I’ve been working in and around innovation for many years but increasingly my interest is focused on the support systems needed to nurture disruptive innovation.
This week I have been re-reading what I believe is the definitive book on disruptive innovation: The Innovator’s Dilemma by Clayton Christensen. First published in 1997, it remains as relevant today as ever. For it’s not really about the technology which will continue its rapid and accelerating shifts, but much more about the organisation ecosystems and forces that either help or hinder disruptive innovation.
I think it’s compulsory reading for innovators and leaders, but not everyone has the time or the inclination, so here’s a 2 minute highlight reel just for you.
All innovation is not created equal and Christensen makes a clear distinction between disruptive innovation and sustaining innovation. Disruptive Innovation breaks the rules of the old business models and rewrites them in ways the former industry leaders didn’t see coming.
In this world where digital disruption abounds, I have heard many organisations assert they have built an innovation capability and promise they can defy the odds and disrupt themselves and create new ground. Yet across company after company and industry after industry, the data is compelling and unequivocal: unless you carefully calibrate and nurture the settings required for disruptive innovation to thrive, then failure is almost certain.
Disruptive innovation by incumbents is possible, however it takes courage, and a commitment to addressing the systemic issues that keep incumbents from disrupting themselves. To have a chance at success you need to be aware of these issues. I’ve summarised my research on disruptive innovation into a Checklist of seven rules to follow to establish a system that supports and protects the innovation. In this post, I cover the first four rules.
Rule #1: The innovation must serve the higher purpose and vision of the organisation.
Alignment with the organisation’s purpose is key for this is the glue that connects innovation to the wider organisation while also helping leaders craft a narrative about why this and why now.
Rule #2: Start with a hypothesis that you can test
Forming a hypothesis of how value will likely be generated in the future is key to focusing your efforts. Disruptive innovation is not an exercise in random ways to develop and explore new markets in areas where the organisation has no capability. There needs to be a connection with the organisation’s core purpose, and a strategic frame for experimentation. The Corporate StartUp by Tendayi Viki, Dan Toma and Esther Gons has a helpful discussion on the need for what they call an “Innovation Thesis”. This hypothesis or thesis is critical to defining and guiding the establishment of success metrics (see Rule #3).
Rule #3: Measure what matters most. It will not be ROI or another financial metric.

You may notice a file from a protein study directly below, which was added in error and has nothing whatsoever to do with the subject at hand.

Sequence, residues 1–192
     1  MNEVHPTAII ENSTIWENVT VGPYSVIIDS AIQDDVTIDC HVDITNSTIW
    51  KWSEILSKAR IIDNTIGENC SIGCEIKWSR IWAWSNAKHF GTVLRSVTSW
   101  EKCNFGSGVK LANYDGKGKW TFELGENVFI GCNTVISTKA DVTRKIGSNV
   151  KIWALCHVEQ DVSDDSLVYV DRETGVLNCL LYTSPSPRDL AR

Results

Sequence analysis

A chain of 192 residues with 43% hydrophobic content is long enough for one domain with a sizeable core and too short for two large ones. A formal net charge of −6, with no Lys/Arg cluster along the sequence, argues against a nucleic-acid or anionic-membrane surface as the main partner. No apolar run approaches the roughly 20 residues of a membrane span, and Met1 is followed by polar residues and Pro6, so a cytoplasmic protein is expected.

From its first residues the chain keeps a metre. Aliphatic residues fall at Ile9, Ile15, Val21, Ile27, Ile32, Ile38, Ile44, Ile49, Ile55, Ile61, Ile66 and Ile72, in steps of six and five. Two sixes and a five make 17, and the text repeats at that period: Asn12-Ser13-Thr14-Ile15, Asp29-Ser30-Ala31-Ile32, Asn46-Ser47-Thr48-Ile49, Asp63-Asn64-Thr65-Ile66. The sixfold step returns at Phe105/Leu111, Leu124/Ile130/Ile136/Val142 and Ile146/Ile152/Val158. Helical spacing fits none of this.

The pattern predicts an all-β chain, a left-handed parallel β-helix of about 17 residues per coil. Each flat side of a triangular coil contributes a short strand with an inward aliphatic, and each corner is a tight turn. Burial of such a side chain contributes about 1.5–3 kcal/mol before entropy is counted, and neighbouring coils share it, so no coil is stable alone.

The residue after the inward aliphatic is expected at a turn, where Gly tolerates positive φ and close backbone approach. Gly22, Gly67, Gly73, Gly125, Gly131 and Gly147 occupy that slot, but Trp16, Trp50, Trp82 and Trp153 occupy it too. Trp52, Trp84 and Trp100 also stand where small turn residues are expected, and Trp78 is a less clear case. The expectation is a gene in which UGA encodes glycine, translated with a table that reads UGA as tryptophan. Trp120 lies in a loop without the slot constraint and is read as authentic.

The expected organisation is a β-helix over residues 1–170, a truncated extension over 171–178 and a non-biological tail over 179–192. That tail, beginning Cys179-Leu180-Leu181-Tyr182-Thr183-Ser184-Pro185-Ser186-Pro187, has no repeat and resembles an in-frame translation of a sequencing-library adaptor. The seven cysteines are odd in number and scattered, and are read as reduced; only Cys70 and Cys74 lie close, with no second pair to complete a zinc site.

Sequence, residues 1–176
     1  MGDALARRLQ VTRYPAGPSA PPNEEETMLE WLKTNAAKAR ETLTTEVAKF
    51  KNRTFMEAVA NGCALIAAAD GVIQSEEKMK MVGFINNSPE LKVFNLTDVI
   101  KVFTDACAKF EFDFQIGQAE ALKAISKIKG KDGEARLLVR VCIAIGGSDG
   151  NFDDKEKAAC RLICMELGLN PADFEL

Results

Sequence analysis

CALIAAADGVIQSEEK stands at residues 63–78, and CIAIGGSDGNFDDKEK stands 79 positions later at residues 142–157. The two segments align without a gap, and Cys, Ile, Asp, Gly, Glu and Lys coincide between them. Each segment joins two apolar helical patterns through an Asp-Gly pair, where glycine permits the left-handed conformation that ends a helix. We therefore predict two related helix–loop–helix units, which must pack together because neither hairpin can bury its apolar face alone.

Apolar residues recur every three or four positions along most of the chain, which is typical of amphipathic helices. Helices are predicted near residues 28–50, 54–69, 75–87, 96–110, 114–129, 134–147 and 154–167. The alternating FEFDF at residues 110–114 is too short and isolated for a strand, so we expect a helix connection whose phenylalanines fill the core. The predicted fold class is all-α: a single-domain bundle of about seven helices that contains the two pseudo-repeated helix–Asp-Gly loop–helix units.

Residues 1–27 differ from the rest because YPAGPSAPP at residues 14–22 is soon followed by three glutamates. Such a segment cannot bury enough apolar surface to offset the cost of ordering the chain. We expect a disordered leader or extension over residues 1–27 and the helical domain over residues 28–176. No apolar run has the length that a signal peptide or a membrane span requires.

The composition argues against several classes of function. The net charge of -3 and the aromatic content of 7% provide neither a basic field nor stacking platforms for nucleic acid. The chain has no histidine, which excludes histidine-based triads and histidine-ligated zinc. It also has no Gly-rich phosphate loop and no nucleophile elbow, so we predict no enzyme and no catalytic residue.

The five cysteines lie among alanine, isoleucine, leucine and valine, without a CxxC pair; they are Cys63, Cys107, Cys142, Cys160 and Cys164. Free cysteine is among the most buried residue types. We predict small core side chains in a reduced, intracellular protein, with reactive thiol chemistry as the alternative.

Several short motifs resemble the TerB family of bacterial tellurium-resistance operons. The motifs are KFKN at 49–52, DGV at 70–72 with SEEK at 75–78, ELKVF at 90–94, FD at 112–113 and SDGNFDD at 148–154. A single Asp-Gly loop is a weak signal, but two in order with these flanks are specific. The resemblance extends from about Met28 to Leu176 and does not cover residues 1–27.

This is a very controversial statement and will be a magnet for the resistance! However the reality is that management systems in incumbents are biased against disruptive innovation. Christensen in The Innovator’s Dilemma:
“Good managers consistently make wrong decisions when faced with disruptive technological change. The reason is that good management itself was the root cause.”
In the case of disruptive innovation, it can be virtually impossible to meet traditional investment criteria. Christensen again in The Innovator’s Dilemma:
“..the only thing we may know for sure (about) experts’ forecasts about how large emerging markets will become is that they are wrong.”
Of course the “system” wants you to measure it based on effective resource allocation methods of ROI and market opportunity. The difficulty here though is that if you follow these measurements you will never invest in disruptive innovation.
A different approach is required that recognises the level of uncertainty and identifies the key areas of learning required to test your hypothesis, not using metrics that are both impossible to forecast and impossible to achieve. If you’re interested in exploring this subject further, checkout the discussion on Innovation Accounting in The Corporate StartUp by Tendayi Viki, Dan Toma and Esther Gons.
Rule #4: Incentives need to feed not starve innovation.
Jim Collins & Bill Lazier in Beyond Entrepreneurship 2.0 tell a story of a conversation with a CEO who complained that he could not get his team to be more innovative, and that they “spend all their time managing their current divisions and no time developing new things.” The leaders’ incentives were based on annual revenues, and when the CEO confirmed that working on innovating new business models would be a distraction from achieving performance bonuses it was very clear that there was a misalignment of incentives. It is not just financial bonuses that need to be considered here – career progression opportunities are equally important. You will need to make sure that career progression incentives are also aligned with your innovation objectives and not working at cross purposes.
Next week I will cover the three remaining rules, as well as a little about what it means for directors seeking to encourage innovation.